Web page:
He added: “I appeal to President Barack Obama and ask him – while taking into consideration that the main concerns of the U.S. administration are currently directed in particular toward addressing the economic crisis and searching for opportunities to develop health and education: “How do you address the American people? And what do you say to them? How does the U.S. administration justify the killing of 5,000 U.S. troops, and tens of thousands of wounded and disabled? How do you justify to the taxpayers at least a trillion dollars paid from their money, while Iraq is still under an authoritarian regime?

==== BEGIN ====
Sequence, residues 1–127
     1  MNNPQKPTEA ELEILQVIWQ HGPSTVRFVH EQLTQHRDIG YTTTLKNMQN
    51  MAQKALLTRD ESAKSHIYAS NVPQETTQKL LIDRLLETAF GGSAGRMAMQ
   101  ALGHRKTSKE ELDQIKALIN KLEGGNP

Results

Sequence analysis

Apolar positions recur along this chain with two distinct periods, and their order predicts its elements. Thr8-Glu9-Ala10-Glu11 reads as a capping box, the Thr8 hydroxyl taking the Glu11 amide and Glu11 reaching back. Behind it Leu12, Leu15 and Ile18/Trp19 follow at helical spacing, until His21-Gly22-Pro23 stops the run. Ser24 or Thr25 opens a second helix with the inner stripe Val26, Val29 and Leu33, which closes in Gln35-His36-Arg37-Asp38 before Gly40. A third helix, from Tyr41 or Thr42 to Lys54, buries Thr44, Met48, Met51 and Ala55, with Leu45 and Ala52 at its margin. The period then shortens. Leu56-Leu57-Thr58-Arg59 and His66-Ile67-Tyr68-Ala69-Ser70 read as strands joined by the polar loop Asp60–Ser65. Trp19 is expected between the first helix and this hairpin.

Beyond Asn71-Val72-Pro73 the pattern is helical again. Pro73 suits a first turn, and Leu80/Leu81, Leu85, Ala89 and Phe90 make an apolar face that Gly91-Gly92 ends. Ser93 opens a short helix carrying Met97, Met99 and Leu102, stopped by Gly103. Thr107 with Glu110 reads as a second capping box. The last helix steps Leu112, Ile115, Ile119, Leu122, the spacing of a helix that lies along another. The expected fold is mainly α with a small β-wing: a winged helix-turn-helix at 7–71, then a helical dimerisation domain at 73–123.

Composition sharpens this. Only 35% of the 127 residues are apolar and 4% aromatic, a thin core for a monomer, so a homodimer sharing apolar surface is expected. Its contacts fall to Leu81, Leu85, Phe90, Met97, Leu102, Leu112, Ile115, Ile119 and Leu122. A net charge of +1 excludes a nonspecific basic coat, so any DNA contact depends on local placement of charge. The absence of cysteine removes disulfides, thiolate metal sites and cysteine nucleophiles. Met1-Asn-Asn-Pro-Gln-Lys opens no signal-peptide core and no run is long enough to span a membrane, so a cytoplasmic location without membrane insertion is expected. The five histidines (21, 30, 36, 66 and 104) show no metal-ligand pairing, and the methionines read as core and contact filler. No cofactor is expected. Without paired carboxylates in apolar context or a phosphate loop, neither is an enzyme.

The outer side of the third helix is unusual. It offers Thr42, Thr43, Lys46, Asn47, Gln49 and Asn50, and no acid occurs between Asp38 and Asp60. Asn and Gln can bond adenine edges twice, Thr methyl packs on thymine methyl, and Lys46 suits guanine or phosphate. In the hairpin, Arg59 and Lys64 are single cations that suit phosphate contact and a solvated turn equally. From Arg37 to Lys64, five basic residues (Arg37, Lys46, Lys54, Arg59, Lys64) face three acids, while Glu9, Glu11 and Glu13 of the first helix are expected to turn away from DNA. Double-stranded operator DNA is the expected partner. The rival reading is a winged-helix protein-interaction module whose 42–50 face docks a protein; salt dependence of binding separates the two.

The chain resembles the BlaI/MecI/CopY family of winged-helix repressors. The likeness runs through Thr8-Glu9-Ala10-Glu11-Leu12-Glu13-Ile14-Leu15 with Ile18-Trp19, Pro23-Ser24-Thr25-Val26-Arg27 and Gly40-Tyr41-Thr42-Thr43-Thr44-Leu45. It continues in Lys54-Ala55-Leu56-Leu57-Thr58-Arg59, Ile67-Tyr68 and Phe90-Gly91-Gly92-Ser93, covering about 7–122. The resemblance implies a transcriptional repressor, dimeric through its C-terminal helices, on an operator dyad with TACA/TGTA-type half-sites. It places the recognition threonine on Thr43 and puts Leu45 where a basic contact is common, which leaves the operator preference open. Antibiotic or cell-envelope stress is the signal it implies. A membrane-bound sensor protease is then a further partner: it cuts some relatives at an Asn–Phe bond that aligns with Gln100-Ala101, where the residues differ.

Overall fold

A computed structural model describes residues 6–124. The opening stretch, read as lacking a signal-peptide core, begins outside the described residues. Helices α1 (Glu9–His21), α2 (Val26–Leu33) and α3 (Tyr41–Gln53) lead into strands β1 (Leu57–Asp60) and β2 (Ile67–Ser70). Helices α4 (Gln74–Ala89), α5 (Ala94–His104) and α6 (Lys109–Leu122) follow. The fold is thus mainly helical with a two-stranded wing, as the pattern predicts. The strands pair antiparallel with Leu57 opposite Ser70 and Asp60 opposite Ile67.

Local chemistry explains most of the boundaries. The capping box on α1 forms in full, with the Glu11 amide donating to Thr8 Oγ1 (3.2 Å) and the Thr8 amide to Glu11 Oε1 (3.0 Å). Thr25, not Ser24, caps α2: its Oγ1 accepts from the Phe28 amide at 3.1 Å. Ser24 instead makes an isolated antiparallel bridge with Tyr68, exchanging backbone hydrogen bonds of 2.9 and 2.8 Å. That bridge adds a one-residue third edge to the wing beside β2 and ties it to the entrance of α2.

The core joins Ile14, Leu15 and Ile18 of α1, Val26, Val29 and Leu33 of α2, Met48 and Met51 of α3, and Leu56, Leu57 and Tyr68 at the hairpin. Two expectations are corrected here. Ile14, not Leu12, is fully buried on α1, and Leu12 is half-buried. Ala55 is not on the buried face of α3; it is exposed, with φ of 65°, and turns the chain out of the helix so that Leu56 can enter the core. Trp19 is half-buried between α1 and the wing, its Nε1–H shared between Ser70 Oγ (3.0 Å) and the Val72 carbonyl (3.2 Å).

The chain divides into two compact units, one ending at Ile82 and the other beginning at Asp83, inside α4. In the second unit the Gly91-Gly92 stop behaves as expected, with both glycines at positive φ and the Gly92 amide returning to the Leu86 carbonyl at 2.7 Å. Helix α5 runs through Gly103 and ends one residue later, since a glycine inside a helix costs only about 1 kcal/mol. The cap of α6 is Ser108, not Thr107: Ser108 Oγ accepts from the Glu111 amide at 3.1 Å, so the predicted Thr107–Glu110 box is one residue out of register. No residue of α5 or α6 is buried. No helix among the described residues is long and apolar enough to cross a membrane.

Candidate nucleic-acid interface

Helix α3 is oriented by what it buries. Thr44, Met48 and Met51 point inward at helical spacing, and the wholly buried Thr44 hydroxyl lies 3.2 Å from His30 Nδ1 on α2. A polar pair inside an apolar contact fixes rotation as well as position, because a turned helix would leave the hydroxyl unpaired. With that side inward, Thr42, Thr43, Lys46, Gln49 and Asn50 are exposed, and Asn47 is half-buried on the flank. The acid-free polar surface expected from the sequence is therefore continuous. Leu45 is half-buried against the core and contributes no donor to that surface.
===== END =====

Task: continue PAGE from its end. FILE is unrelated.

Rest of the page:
“The Iraqi people are fragmented, and Iraq is on the brink of a split, perhaps real division. There are also indications of a coming civil war between the central government and the Kurdistan region. The country is weak and unstable, its people homeless. Is this the end of the U.S. project in Iraq? Today, the U.S. administration is being accused, and the president cannot say that it was the Republican Party under President George W. Bush who committed mistakes [in Iraq]. We in Iraq do not care who is in the White House. It is the United States. On this basis, if the former president has committed mistakes in managing the Iraqi affair, is it not time that Obama rectify what his predecessor did?”